*This column originally appeared in the Oct. 5 edition of the Traverse City Record-Eagle
Close your eyes for a moment and imagine our Great Lakes state, from Detroit to the Sault, and across the U.P. to Ironwood. We’re a big, proud, two-handed state. For an entire century we’ve been known for greatness, and the one proud thing to rule them all is the great American automobile. It started here, innovated here, and is still struggling to reemerge here. Remember Chrysler’s Super Bowl ad, “I got a question for you, what does this city know about Luxury?”
As you stroll through your own town each day, look at the streets. If they’re like mine they’re lined one upon another with big, glorious, American steel beasts, pickup trucks, SUVs, and big old sedans. Sure, there’s a growing infestation of smaller, more svelte Asian and European invaders, but Michigan lives by its“Big Three,” and for these we’ll fight to the death. Just up the block from me is Hagerty Insurance, where there’s always a brightly polished reminder of better days on display. These Fords and Chryslers and GMs all harken back to a time when tires came from rubber trees and steel was hacked from the Earth by Yoopers singing Woody Guthrie songs. We’re proud of this heritage. Our fathers and mothers and sisters and brothers labored to provide Michigan this great story. Are you singing “This Land is Our Land” yet?
Now, imagine if you will a time when we walk down these same streets and the tables are turned. Instead of mostly American made cars, the parking lots are filled with 95 percent imports, with only a small smattering here and there of the American breeds. For whatever reason, Michiganders are happy to ignore our homegrown brands. How might it make you feel that all this great American genius was pushed to the wayside? How would it effect the emotional state of that relative of yours who once worked for GM? How would our economy be impacted? Are you angry yet? O.K., now take a breath.
What if this economic and social catastrophe had already occurred but in another sector of the economy? What if we as consumers had already turned our backs? Well we have, and I’m talking about our local food economy. The story’s the same , and so is the cast of characters: hard-working, values-based, dirt-under-the-fingernails pioneers. But there are no rock stars pumping their fists to regenerate the lost economy of locally grown food. Neither Kid Rock, nor Clint Eastwood, has ever pitched ads for Bardenhagen apples or American Spoon jam.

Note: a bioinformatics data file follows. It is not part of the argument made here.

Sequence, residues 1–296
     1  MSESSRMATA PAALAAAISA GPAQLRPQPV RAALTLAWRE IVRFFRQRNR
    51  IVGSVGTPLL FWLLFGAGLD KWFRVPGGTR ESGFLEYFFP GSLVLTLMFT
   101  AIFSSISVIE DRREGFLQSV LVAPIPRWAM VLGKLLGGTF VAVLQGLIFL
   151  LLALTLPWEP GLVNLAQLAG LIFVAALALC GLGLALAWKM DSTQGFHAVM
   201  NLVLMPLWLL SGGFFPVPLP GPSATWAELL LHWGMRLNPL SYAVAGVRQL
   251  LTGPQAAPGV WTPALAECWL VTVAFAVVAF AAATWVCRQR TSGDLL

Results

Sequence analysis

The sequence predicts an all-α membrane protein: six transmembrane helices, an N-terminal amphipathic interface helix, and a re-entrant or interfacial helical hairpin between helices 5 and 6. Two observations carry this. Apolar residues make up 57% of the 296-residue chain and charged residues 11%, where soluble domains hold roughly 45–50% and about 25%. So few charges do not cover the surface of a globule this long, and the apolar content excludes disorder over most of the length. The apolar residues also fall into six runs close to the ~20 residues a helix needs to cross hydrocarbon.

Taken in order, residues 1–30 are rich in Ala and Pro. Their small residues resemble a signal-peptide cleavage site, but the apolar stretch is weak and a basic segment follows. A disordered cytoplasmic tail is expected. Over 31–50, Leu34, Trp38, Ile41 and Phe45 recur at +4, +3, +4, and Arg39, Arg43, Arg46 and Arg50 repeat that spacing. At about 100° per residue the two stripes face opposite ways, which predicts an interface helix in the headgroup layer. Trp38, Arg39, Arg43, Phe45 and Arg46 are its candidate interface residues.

Go to your favorite grocery store and look at the shelves. Where is the locally grown food? Oh, it’s there, but it’s buried behind an insipid blur of commodity-scaled products with glitzy labels and expensive ad campaigns. Why is it so difficult to find local produce here during the first week of October, when bin-fuls from Washington, California, New York, and Mexico are plentiful? Why, when we live in the second most diverse agricultural state in the U.S., do we struggle to buy the very products that are grown virtually in our own backyards? The answer of course is a complex one.
Many of us in northwest Michigan are tired of waiting for the right answer. We’re about to go out on a limb and try something on our own, something new. Over the next few months we’ll be testing a series of marketing strategies to help sell more locally grown food from Manistee to the straights of Mackinac. You’ll be seeing a new brand emerge in your local grocery stores, starting with Tom’s Food Markets and then spreading outward. The Taste the Local Difference (TLD) name and logo will soon begin to appear on your grocer’s shelves to help differentiate local products from the mass of others crowding them out.
Imagine a day when you look down the aisles at your neighborhood grocery store, and at a glance know which products were grown or made here. This vision is part of our strategy to get northwest Michigan farms to provide 20% of all the region’s food by the year 2020. I can see the TV ad now. It’s being voiced-over by Eminem. As the camera moves in slowly filling the screen with images of swaying green fields and orchards, you can hear the proud angst in his voice as he says, “This is northwest Michigan, and this is what we do.”